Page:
Environmental Engineer Salary

Environmental engineers apply science and engineering principles in order to improve the environment, remediate polluted sites, and provide healthier air, land and water for human habitation. Environmental engineers manage air and water pollution, waste disposal, recycling and public health issues. They do this through an extensive knowledge of environmental engineering law and the study of resource management.

Environmental engineering is a synthesis of multiple disciplines which include agricultural engineering, biology, civil engineering, ecology, chemistry solid waste, hydrogeology, statistics, public health, hazardous waste management, waste water management and solid waste management.

Salary Overview

The average salary of the environmental engineer is dependant on several factors which include the industry in which they are employed and the geographical location of their employment. Overall, the top ten percent of environmental engineers have an average income in excess of $115,750 per year. The bottom ten percent of environment engineers have an average income of $47,660 per year and the middle ten percent have a median salary of $77.040 per year.*

Environmental engineers who are employed in the architectural industry have a median income of $82,980 per year and those employed in the technical consulting industry have a median income of $81,690 per year. Those working for state government have a median salary of $66,470 per year, while those working for the federal government have a median salary of $96,410 per year.*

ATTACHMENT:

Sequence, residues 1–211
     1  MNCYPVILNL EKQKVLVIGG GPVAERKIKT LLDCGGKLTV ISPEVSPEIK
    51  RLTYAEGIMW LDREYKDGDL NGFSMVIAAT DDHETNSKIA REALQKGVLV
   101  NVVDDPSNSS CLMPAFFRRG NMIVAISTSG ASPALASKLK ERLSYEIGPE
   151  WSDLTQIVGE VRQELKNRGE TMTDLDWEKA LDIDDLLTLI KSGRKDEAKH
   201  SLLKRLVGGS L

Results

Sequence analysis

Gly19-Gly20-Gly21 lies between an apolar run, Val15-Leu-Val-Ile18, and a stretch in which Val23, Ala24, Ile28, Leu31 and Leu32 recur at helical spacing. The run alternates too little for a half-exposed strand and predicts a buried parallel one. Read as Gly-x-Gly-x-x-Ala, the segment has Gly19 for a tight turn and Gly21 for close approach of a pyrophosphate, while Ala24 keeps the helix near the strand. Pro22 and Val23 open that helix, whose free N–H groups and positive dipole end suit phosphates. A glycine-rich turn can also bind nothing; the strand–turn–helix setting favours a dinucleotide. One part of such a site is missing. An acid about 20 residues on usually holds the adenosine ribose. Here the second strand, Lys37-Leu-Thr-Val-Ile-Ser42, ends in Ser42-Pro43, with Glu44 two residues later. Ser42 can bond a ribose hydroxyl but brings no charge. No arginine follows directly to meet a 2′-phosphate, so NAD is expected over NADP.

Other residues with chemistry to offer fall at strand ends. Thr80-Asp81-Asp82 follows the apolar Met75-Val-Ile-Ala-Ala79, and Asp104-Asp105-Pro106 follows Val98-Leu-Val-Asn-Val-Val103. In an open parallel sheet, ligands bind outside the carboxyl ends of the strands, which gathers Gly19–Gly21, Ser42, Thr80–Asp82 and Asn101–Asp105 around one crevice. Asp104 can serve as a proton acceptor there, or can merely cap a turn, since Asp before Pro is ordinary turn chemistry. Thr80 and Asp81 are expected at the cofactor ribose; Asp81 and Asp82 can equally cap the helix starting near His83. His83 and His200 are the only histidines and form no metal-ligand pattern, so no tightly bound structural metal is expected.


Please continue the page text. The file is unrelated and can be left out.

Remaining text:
The wages of environmental engineers are also dependant on where they are located. Environmental engineers working in the state of New Mexico have the highest median income which fall in the top ten percent and exceeds $95,410 per year. Other states with high published wages for environmental engineers include New Mexico ($95,910 per year), District of Columbia ($95,440 per year), Maryland ($88,110 per year), Hawaii ($87,170 per year) and California ($86,340 per year).*

*According to the BLS, http://www.bls.gov/oco/

Job Description and Outlook

Environmental engineers perform a number of duties which include evaluating hazardous waste sites, advice on treatment and containment of contaminants and developing regulations to prevent future mishaps. Environmental engineers may also design industrial waste water treatment systems and municipal water systems. They may also address local and global problems concerning issues such as acid rain, ozone depletion, groundwater contamination and air pollution from industrial sources.

Due to the increased concerns over environmental management, jobs in the environmental industry are expected to increase at a rate of ten percent over average for the next ten years. Environmental engineers are also increasingly receiving better compensation packages which may include life insurance, health insurance, retirement plans and paid vacations.*

*According to the BLS, http://www.bls.gov/oco/

Training and Education Requirements